And if you're in California, or if any of your customers are in California, you'll have to comply with SB 1386 (the California Information Practice Act). This law requires that your company provide notice to customers whenever any technological hack, or other attack has occurred and caused personal information to be exposed and vulnerable to theft. Meant to safeguard against identity theft, this state law also applies to any subcontractors of companies that maintain information about California residents. This particular law is ground-breaking, since although it is on paper just a California law, it has, in reality, become a federal law. California is the largest state, population-wise, in the U.S., and any mid-size company and many smaller ones have at least a few customers in California, regardless of where the company is actually located. If, for example, your company is in Maine, but your mail order division sold some products to someone in California, you must comply. Compliance simply means that if your network is attacked, you must notify your customers. Although this can be done individually, most companies actually make notification on their Web sites, or through issuing a public press release.

The Visa Cardholder Information Security Program (CISP) isn't a state or federal law, but a mandate from VISA USA created to protect cardholder data. It calls on all vendors who accept credit card payments to adhere to a higher standard of information security for the purpose of guarding against identity theft. CISP calls on vendors to implement standard security measures such as firewalls, anti-virus software, and strong authentication to regulate who has access to customer credit card data. Visa also has set forth a set of best practices. Compliance is easy, and involves adhering to the Payment Card Industry Data Security Standard which includes a call for implementing standard security technology, restricting access, and encrypting the transmission of any cardholder data.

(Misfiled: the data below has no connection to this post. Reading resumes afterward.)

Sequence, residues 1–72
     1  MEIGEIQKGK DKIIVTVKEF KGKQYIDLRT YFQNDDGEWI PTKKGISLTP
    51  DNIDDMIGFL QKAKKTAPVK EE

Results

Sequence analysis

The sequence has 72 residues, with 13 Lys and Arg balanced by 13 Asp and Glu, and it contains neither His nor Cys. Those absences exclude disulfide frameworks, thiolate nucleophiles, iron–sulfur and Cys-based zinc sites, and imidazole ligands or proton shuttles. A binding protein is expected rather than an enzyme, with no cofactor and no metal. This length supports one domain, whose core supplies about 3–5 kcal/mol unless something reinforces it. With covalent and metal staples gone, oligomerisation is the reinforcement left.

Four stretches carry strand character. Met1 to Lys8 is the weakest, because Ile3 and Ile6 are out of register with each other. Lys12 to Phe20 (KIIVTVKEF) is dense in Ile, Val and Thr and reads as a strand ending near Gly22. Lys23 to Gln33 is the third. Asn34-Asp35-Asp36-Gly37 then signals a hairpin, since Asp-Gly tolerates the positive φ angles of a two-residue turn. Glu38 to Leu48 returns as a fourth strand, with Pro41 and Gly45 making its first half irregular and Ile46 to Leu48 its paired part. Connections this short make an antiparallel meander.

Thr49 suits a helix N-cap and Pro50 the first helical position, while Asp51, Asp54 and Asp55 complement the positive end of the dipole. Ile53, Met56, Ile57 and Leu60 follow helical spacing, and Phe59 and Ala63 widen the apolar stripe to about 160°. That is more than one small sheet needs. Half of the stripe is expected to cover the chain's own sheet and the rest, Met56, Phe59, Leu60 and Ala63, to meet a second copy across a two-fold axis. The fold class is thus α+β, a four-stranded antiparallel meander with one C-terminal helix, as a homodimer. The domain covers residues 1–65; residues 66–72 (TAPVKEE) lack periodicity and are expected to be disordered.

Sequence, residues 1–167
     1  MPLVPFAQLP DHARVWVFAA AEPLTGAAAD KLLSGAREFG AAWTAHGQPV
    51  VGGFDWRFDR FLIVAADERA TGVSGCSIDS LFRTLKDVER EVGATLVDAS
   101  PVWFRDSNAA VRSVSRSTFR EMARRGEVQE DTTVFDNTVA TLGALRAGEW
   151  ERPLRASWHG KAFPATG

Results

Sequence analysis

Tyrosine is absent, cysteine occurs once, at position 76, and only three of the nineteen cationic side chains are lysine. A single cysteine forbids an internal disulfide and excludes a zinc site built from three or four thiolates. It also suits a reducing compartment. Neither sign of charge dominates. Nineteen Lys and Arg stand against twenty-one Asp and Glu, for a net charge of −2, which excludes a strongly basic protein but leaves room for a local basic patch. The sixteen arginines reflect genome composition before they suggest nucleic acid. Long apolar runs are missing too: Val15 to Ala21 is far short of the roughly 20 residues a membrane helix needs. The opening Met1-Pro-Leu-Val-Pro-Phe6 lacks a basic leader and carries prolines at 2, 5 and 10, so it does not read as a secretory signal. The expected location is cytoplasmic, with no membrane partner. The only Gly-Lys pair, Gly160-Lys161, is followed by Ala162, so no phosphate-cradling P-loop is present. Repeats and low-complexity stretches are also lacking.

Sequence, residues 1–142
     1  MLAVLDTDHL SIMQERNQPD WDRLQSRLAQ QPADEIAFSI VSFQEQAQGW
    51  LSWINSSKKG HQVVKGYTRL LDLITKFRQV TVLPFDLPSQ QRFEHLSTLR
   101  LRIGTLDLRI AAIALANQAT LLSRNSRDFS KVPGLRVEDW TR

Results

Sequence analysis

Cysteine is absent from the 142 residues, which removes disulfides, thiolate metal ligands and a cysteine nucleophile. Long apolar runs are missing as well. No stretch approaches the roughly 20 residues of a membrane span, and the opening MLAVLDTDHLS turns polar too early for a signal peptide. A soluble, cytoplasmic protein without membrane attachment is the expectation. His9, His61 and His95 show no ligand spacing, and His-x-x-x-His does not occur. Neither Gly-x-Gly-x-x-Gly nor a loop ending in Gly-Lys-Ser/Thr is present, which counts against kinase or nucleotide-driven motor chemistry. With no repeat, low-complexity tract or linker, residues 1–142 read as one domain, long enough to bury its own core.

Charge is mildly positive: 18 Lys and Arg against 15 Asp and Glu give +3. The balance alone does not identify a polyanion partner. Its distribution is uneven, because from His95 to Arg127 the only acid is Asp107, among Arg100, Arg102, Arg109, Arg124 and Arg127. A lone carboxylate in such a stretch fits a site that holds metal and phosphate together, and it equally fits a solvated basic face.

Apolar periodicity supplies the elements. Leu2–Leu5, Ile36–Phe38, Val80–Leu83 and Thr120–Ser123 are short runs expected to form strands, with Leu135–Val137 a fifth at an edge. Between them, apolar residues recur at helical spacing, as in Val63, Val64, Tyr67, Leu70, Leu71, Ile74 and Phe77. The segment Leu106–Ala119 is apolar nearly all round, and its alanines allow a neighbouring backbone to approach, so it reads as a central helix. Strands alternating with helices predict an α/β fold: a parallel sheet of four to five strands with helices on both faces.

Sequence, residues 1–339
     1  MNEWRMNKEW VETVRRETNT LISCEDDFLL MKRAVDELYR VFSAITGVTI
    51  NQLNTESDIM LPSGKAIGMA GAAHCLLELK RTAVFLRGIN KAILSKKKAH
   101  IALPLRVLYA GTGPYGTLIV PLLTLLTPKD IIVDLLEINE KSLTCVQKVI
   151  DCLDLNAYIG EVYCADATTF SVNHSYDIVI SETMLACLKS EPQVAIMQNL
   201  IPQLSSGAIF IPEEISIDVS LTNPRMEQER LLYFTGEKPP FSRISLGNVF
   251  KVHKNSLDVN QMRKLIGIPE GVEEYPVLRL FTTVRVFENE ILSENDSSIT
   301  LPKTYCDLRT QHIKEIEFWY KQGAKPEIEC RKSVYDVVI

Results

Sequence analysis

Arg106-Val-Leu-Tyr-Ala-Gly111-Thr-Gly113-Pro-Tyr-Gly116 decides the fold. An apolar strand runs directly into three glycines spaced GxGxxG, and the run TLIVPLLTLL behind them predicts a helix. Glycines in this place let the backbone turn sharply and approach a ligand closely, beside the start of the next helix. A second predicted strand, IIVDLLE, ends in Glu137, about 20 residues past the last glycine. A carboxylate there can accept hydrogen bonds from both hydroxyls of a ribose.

My 5 Second Rule for Small Business Owners

Advice for introducing your product or service in person or online

business advice, introductions, marketing image

Opening a new business in the real world or online in cyberspace requires thinking beyond all the money you will make. Most small business owners are clear on their ultimate goal, yet often many fail to spend time planning their marketing image. To succeed, first impressions are critical, or you may violate what I call My 5 Second Rule:

When a new prospect finds your web site, you have 5 seconds to convince them to stay.

The rule applies in the physical world, also. Your printed materials may be dumped in the trash just as quickly, or a visitor to your company may browse briefly while in fact the no sale decision was made in those critical first few seconds.

Regardless of your business, your image as a professional and credible source for a product or service depends on making a positive first impression. While most people don't realize the subconscious dynamics that occur during an introduction, how you are perceived is clouded with prejudice.

In a face to face meeting, subconsciously your prospect will categorize you immediately by sex, age, and race. This fact may be hard to believe, however, individual life experiences connect your combination of these 3 characteristics into a fixed profile based on past encounters. Overcoming any negatives begins when you speak. A warm and friendly approach while being prepared to offer the benefits of doing business will help you succeed.